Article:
DANVILLE — Danville residents attending the village’s Veterans Day Ceremony heard from one of its own Thursday. Capt. Josh Byers, U.S. Marine Corps and a 2000 graduate of Danville High School, was the featured speaker at the ceremony.
He spent 12 years in the Marine Corps and participated in Operation Iraqi Freedom and Operation Enduring Freedom. He is now with the Department of Homeland Security.
“I want to thank everybody for coming down here today,” Byers said. “It truly is an honor. I was asked to speak three years ago and could not make it, but I have had a lot of time to think about what I want to say.
“If I were to ask you what a veteran is or what Veterans Day means, I’ll bet no two single people would have the same answer. Today when we talk about veterans we usually associate it with Iraq or Afghanistan, Vietnam, the Korean War, World War II or World War I.
“Any veteran who went to boot camp had two things run through their mind. The first would be ‘Oh God, what have I gotten myself into?’
“The second thing that would go through their mind would be to realize all the little, simple freedoms they no longer had. They were being told everything; what to do. Today, even, I take all these little freedoms for granted. It makes me think about what we have in this country and the people who stopped what they were doing and fought to give us what we have today. We need to stop and reflect on that. These are the people who have sustained our freedoms and liberties. We need to go up to them and thank them and shake their hands. The support we get from our communities goes a long way in helping us do our job.”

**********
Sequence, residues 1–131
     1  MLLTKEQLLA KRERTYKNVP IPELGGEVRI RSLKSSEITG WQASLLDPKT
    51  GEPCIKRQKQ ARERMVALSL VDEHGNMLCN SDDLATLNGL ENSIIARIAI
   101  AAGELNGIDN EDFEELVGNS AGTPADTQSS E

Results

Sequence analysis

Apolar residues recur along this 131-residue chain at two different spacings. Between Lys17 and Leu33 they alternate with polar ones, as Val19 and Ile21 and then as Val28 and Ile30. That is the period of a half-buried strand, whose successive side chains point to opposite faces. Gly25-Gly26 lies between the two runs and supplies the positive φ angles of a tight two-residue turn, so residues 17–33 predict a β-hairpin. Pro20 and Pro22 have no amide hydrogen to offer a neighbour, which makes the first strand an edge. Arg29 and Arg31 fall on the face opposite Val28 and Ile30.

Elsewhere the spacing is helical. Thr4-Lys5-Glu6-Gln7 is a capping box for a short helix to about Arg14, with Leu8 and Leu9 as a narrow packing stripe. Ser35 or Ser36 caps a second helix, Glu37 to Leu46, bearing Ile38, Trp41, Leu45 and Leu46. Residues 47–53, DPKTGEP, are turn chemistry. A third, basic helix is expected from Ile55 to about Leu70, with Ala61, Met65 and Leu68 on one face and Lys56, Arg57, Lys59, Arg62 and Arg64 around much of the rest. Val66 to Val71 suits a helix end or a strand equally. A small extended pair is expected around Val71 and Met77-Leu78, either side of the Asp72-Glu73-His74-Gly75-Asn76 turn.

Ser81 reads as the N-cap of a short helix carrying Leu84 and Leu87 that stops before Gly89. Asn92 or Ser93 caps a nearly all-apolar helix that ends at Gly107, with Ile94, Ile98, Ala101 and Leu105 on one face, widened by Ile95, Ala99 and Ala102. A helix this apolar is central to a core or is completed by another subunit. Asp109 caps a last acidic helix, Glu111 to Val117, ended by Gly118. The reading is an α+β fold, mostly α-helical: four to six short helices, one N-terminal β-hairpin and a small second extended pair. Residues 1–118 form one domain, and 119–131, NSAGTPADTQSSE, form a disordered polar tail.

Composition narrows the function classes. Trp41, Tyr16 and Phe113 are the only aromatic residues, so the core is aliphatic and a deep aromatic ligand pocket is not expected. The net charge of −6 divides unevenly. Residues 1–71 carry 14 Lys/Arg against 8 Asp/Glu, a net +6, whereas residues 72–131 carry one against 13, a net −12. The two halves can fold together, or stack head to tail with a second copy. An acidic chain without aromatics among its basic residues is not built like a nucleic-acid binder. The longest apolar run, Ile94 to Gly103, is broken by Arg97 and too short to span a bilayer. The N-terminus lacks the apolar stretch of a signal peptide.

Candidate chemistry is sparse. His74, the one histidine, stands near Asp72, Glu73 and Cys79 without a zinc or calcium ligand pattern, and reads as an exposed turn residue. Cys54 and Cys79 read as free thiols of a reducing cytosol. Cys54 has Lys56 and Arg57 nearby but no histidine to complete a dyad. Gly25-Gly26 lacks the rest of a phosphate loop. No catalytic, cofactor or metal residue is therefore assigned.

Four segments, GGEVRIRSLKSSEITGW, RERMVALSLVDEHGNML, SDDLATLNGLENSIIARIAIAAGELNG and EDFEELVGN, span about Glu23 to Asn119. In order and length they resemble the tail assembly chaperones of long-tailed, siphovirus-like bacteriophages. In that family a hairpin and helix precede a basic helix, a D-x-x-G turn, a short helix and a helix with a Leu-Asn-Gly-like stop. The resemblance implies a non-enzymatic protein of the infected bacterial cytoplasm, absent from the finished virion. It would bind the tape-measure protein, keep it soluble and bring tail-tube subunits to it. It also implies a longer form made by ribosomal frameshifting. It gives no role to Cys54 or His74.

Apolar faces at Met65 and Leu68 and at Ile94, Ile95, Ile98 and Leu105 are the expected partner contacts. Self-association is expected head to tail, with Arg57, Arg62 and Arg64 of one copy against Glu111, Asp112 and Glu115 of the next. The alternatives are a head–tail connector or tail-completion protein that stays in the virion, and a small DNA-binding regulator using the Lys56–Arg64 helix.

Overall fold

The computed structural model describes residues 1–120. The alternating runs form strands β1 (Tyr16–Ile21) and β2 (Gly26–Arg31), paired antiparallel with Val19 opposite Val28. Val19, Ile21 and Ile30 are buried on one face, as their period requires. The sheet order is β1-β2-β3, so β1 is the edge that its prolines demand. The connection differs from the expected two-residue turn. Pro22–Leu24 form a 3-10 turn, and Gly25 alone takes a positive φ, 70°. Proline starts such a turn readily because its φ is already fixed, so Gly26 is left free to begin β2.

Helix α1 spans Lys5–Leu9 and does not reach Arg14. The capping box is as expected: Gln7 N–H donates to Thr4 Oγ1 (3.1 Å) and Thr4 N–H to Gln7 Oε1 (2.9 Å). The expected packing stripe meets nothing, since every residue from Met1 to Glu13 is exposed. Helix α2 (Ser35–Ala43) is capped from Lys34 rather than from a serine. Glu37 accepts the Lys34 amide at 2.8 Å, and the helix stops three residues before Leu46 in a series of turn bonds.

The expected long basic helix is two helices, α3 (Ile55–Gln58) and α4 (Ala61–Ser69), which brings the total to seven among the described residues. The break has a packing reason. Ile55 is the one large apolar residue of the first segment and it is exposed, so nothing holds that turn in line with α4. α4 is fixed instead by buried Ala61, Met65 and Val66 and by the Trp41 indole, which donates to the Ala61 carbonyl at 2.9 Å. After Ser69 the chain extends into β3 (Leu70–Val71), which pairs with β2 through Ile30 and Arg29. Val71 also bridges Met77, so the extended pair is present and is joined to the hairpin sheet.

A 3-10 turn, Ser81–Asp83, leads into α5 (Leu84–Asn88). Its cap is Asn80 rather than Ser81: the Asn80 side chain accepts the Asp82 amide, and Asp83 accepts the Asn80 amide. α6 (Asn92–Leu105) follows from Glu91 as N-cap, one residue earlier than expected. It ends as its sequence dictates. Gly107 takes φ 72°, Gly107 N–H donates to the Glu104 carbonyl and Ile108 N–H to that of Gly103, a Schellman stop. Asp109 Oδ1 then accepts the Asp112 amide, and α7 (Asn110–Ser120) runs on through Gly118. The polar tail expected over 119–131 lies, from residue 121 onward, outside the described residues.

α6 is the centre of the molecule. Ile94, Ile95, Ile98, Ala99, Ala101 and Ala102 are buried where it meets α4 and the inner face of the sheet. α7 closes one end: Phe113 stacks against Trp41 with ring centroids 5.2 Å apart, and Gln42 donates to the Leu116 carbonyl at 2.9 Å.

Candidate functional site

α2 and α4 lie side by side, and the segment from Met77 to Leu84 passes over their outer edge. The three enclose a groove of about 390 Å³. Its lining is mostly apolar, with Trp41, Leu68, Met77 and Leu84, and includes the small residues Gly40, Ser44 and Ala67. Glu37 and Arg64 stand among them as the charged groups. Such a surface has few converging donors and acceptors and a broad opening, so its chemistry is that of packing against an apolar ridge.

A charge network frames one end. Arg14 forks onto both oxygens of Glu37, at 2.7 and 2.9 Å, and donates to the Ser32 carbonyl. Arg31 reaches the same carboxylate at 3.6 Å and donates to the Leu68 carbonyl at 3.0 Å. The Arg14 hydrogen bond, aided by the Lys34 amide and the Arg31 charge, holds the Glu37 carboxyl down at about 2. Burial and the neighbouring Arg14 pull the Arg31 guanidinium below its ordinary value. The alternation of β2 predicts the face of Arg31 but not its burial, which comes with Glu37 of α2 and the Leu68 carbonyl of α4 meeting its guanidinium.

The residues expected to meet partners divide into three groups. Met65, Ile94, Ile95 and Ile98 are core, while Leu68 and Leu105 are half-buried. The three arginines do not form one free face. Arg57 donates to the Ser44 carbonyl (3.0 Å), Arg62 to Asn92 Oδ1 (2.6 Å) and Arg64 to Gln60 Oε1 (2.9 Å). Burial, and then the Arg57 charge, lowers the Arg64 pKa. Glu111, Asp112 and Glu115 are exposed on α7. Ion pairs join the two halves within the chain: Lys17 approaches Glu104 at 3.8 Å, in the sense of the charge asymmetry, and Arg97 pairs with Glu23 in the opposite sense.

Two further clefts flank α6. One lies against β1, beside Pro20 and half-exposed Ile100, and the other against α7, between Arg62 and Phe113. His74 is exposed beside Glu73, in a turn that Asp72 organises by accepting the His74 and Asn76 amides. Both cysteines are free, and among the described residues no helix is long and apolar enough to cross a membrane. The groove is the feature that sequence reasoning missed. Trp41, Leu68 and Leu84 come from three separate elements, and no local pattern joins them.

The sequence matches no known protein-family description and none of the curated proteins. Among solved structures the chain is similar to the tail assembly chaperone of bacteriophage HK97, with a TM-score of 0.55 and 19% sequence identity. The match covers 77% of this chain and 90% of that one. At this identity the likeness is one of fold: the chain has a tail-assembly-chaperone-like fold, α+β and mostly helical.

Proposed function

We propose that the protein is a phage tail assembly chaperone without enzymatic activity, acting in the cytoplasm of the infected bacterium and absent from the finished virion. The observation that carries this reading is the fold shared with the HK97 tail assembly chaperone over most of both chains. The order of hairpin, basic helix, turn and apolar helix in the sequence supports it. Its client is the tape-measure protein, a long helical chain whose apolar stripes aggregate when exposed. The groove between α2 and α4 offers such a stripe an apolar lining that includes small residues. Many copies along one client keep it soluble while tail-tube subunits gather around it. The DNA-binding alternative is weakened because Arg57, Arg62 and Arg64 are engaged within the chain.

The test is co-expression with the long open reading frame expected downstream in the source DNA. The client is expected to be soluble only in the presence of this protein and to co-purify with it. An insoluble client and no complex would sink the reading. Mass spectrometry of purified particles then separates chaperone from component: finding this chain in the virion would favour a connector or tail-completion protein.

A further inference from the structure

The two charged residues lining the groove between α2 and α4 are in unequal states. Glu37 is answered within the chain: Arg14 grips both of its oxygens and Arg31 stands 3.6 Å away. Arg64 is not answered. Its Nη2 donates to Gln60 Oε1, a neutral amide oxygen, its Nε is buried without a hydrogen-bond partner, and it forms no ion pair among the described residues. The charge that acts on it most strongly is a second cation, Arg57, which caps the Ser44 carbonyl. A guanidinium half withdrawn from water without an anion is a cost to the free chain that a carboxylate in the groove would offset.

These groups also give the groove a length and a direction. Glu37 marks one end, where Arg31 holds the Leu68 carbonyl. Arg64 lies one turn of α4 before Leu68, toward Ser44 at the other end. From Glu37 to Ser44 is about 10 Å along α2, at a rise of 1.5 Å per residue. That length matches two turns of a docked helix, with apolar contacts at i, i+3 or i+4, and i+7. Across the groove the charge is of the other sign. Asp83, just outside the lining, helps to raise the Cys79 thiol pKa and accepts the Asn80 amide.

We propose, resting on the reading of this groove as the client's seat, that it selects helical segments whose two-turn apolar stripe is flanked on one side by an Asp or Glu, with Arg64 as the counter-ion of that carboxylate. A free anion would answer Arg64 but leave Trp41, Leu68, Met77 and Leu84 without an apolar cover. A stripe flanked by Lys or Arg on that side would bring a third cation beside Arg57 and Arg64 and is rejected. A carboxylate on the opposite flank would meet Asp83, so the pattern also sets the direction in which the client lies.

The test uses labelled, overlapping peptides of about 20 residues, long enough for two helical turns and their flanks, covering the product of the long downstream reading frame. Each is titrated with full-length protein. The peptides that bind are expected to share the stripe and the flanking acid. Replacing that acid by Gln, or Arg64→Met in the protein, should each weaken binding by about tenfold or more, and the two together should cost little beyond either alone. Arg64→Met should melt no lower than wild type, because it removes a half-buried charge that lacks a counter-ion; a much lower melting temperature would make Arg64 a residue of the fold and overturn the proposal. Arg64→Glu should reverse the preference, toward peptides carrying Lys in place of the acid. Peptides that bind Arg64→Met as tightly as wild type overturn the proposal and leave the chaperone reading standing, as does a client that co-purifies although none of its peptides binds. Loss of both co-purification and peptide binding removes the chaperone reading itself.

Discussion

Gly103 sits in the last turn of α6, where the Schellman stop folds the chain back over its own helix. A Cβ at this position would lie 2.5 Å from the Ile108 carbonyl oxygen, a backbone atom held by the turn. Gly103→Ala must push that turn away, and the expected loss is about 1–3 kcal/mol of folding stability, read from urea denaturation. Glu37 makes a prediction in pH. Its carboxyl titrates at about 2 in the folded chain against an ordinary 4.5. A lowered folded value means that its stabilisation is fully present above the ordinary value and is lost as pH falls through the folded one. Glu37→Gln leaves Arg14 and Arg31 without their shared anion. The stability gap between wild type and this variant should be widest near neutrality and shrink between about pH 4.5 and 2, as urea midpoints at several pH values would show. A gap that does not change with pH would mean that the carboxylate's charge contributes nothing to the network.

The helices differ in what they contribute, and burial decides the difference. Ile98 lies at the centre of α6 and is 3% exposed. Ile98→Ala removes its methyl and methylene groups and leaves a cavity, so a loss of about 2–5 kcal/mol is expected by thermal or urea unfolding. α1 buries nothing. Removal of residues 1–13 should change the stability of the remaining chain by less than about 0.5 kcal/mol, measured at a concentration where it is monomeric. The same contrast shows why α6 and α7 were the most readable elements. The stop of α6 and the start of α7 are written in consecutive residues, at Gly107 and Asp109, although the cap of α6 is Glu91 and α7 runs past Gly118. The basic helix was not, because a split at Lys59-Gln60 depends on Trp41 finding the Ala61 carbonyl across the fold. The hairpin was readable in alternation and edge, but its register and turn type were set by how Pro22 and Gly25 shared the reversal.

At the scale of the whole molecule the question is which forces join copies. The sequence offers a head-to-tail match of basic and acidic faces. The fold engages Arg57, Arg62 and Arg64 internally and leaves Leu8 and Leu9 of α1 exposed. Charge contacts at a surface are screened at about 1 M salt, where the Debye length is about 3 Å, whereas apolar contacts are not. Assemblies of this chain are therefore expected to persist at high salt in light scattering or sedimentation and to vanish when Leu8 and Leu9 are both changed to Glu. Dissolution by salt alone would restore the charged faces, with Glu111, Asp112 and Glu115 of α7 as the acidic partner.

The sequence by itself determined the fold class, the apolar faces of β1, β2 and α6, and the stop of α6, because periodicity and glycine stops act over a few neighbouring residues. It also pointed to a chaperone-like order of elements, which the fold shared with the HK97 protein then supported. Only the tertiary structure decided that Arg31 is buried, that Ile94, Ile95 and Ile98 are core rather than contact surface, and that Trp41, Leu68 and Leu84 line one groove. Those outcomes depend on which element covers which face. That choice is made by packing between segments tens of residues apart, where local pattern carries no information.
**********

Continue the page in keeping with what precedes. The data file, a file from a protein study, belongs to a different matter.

After Byers’ speech, there was a 21-rifle salute and the playing of Taps to honor those veterans who have fought and given their lives to preserve our freedoms.
The names of three World War II veterans who died during the war were added to the Memorial Monument as part of the ceremony.
These names were inadvertently left off the monument and two plaques with their names have been added due in large part to the efforts of Dan Shesbey and David Greer.
“From my high school days I knew there were names missing from the plaque,” Shesbey said. “I was never in a position to do anything about it at the time. When I retired and came back here, where I was raised, I decided to become active in the (American) Legion. We did a lot of research and finally got the names on the monument.”
Sheasbey came up with the names of Samuel R. Brown, a railway operating engineer was killed in North Africa in April 1944; Ralph Dustin an infantry man and was killed in Lorraine France, burial location unknown. Carl Shultz was killed ferrying aircraft in Alaska, burial location unknown.
It was through Greer’s research efforts that Shultz’s name came to light.